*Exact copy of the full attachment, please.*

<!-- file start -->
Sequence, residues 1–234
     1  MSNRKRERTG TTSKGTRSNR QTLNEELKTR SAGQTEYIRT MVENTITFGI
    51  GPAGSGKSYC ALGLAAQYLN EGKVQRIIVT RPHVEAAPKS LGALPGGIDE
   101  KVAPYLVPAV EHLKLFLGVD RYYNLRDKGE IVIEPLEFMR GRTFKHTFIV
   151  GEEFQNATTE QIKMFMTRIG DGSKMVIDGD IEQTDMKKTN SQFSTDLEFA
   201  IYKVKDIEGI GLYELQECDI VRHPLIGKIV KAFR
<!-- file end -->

Sequence, residues 1–234
     1  MSNRKRERTG TTSKGTRSNR QTLNEELKTR SAGQTEYIRT MVENTITFGI
    51  GPAGSGKSYC ALGLAAQYLN EGKVQRIIVT RPHVEAAPKS LGALPGGIDE
   101  KVAPYLVPAV EHLKLFLGVD RYYNLRDKGE IVIEPLEFMR GRTFKHTFIV
   151  GEEFQNATTE QIKMFMTRIG DGSKMVIDGD IEQTDMKKTN SQFSTDLEFA
   201  IYKVKDIEGI GLYELQECDI VRHPLIGKIV KAFR